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The Network for Teaching Entrepreneurship's mission is to provide programs that inspire young people from low-income communities to stay in school, to recognize business opportunities and to plan for successful futures.
The Lyles Center for Innovation and Entrepreneurship (Lyles Center) is a licensed partner with Network for Teaching Entrepreneurship (NFTE), which provides entrepreneurship education programs to young people from low-income communities to enhance their economic productivity by improving their business, academic and life skills.
NFTE programs teach entrepreneurship using curriculum that corresponds to high school reading levels and complexity. The curriculum is used in semester-long or year-long stand alone entrepreneurship elective courses, after school settings, or integrated with economics, marketing, or other academic courses.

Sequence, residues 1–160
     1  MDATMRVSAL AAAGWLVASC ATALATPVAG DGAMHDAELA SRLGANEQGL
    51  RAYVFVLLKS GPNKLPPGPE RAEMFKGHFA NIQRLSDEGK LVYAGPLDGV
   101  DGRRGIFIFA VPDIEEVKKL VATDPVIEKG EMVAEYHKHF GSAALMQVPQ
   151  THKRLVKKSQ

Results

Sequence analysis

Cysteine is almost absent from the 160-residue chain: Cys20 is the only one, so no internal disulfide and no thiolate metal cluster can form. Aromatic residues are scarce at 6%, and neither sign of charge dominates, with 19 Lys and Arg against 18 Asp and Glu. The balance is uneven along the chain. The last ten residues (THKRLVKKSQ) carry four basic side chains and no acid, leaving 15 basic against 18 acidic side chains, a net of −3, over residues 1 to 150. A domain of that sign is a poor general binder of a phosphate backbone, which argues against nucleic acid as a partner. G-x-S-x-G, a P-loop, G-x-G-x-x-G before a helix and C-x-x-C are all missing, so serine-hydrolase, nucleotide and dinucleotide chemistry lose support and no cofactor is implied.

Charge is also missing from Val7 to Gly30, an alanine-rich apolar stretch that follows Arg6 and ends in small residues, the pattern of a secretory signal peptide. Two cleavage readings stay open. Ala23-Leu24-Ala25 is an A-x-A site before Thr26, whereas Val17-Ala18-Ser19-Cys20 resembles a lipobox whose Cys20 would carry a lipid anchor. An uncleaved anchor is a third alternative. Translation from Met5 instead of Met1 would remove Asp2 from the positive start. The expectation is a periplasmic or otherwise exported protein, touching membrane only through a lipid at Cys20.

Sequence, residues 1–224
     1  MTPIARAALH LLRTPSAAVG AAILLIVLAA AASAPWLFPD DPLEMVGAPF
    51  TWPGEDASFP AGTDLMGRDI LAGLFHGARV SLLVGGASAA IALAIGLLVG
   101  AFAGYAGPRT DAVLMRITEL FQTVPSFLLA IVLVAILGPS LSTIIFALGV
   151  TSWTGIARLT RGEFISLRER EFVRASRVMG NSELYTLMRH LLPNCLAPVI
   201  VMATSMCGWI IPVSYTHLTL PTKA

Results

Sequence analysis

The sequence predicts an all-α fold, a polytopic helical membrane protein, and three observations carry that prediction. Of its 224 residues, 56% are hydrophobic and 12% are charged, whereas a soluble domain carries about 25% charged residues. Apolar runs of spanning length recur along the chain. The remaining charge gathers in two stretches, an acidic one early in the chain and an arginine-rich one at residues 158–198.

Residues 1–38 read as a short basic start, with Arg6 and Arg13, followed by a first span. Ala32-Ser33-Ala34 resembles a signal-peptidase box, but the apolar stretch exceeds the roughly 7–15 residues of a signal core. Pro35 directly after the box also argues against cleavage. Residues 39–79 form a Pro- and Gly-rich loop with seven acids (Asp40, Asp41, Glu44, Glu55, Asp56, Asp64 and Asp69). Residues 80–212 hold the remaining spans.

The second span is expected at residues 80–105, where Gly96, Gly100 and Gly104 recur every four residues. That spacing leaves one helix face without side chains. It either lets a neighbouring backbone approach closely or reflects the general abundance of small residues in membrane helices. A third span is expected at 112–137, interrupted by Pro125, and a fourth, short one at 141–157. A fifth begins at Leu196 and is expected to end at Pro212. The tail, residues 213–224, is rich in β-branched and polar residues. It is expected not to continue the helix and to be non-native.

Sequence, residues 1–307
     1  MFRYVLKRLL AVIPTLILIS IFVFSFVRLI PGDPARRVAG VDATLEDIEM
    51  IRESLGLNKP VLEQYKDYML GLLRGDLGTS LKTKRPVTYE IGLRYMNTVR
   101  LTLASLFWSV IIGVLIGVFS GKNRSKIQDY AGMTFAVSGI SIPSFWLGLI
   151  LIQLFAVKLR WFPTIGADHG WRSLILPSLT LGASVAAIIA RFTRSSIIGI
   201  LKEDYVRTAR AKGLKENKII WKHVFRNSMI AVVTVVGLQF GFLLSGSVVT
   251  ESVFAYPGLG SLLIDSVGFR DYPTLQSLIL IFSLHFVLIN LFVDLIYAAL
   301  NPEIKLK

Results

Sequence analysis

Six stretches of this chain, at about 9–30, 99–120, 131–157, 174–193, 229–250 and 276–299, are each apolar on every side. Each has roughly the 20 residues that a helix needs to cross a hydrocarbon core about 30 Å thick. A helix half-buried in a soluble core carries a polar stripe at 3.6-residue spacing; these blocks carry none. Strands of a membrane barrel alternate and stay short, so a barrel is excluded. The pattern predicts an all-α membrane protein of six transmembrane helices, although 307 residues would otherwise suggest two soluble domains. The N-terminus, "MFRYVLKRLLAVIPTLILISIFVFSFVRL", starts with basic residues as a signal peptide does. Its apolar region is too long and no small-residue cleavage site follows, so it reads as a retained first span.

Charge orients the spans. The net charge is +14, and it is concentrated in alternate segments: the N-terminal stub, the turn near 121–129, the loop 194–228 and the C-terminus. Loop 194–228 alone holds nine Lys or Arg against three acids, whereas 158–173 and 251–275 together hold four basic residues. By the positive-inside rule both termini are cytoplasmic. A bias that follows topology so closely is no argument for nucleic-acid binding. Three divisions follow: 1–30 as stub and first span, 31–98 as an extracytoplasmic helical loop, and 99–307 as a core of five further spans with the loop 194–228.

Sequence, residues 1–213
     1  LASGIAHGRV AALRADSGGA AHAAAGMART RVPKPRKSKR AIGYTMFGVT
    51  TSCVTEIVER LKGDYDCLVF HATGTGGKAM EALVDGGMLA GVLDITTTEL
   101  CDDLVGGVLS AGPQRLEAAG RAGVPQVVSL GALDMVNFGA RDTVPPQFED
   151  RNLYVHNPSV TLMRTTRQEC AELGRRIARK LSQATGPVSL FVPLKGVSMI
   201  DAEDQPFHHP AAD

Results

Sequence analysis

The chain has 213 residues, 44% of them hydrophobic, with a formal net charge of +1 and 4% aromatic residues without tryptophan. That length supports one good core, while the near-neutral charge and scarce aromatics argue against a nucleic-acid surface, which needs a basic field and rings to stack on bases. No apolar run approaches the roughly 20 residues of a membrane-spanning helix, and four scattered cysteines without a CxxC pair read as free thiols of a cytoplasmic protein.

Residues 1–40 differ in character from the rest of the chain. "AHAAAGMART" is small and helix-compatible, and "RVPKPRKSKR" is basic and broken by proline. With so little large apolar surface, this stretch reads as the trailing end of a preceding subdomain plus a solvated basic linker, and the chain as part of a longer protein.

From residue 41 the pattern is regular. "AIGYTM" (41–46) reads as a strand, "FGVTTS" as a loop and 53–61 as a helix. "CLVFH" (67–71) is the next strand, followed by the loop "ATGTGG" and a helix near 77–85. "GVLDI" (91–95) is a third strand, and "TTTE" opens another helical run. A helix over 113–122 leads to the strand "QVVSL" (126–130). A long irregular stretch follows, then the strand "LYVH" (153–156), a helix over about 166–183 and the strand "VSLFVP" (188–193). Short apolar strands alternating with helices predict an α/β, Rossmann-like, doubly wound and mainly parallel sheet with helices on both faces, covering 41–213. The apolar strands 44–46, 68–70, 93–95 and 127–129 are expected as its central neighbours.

Founded in New York City in 1987 by Steve Mariotti, a former entrepreneur turned high school math teacher in the South Bronx, NFTE began as a program to prevent dropouts and improve academic performance among students who were at risk of failing or quitting school. Combining his business background with his desire to teach at-risk students, Steve discovered that when young people from low-income communities are given the opportunity to learn about entrepreneurship, their innate "street smarts" can easily develop into "academic smarts" and "business smarts." Through entrepreneurship, young people discover that what they are learning in the classroom is relevant to the real world.
To date, NFTE has worked with nearly 450,000 young people from low-income communities in programs across the U.S. and around the world.
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